Risking 'Essential' Workers’ Health to Protect the Bottom Line
When Mailinh Nguyen got the news that a patient she’d been caring for had tested positive for COVID-19, she was more than a little shook up. A certified nursing assistant at Fountain Valley Regional Hospital near Huntington Beach, Nguyen had just spent parts of two 12-hour shifts sitting with the patient, wearing no protection stronger than a standard surgical mask.
There was an explanation for that. Like most hospitals, Fountain Valley doesn’t test incoming patients for the coronavirus, meaning asymptomatic carriers of the disease may be admitted and then expose the very workers entrusted to care for them. In Nguyen’s case, it was only because the patient was trying to transfer to a nursing home that the COVID infection was discovered; it was the nursing home that required the test.
This is a scene that has played out many times in hospitals and health-care centers around the country in 2020, and it all draws back to a simple question: Why won’t these facilities, many of them owned by wildly profitable health corporations, spring for something as basic as a proactive testing process that would protect their own essential workers?
Until Newsom applies new protections, those workers remain in a bizarre class: deemed “essential,” yet not properly shielded from the spread of the virus itself.
“One, because it costs too much money, and two, because it reveals consequences that are adverse for the bottom line – staffing levels, employees being quarantined,” said Sal Rosselli. The president of the National Union of Healthcare Workers (NUHW), Rosselli has been engaged in an ongoing quest to make ground-level testing of hospital workers – and the patients who cross their paths – a requirement in California. (Disclosure: The union is a financial supporter of Capital & Main.)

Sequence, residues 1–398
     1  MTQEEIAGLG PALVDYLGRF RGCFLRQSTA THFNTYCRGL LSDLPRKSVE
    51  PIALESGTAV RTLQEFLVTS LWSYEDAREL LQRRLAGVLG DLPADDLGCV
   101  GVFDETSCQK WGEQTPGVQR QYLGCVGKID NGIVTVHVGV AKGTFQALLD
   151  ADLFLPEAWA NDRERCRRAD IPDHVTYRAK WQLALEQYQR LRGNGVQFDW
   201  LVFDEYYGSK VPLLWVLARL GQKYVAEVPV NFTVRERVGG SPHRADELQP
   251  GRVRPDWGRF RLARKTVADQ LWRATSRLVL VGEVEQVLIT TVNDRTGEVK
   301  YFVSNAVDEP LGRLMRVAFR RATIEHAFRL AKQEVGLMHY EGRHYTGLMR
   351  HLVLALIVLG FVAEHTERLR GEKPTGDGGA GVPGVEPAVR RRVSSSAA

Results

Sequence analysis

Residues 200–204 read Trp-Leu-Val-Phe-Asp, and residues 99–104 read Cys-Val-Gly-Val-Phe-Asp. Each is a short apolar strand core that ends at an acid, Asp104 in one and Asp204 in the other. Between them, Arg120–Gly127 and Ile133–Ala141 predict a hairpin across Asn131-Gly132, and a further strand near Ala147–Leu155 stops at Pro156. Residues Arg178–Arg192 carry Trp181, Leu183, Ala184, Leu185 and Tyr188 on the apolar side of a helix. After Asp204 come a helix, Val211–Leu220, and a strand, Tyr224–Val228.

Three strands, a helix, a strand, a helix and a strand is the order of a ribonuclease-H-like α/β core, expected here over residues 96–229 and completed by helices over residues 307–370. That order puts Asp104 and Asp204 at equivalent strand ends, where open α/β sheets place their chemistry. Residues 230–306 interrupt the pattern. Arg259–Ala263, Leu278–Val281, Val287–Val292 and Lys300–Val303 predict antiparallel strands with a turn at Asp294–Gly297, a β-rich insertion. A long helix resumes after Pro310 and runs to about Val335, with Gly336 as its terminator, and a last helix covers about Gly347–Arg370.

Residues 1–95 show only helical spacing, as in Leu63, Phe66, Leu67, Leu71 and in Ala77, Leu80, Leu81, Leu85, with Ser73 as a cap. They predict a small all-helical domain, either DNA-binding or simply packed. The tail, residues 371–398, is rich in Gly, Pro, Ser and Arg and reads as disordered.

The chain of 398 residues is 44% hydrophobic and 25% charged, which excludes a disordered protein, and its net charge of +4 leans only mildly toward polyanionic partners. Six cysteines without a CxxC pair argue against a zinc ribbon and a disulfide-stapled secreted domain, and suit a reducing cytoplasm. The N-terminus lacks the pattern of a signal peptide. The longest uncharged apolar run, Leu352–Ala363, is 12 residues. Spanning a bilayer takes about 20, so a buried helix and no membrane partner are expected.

Progress on the issue has been slow going. But it’s possible that a path to success may yet be paved by, of all things, the nursing home COVID crisis in California, which has prompted government-imposed changes – such as the test on Nguyen’s patient several weeks ago.
You have to back up a few steps to even process the thinking here. Over the past quarter century, the health care system in the U.S. moved aggressively away from the old clinic and family physician model to a heavily corporatized environment, one that prizes annual profit over patient care (or, in some cases, worker safety). The situation has been exacerbated recently by the mass closures of critical safety-net clinics across the country, as the virus kept regular patients away from such common and budget-saving practices as doctor and dental checkups.
The behemoths are the ones left standing. And, as Rosselli put it, “The ideology, the business model, hasn’t changed because of the pandemic. So health workers getting sick or dying – as one health care executive told me off the record, ‘It’s the cost of doing business.’”